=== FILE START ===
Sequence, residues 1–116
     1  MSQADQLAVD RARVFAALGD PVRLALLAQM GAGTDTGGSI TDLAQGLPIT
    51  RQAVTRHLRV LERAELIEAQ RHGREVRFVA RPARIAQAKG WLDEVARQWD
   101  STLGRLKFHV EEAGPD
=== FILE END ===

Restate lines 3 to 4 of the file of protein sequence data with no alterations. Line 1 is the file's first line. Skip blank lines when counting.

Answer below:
    51  RQAVTRHLRV LERAELIEAQ RHGREVRFVA RPARIAQAKG WLDEVARQWD
   101  STLGRLKFHV EEAGPD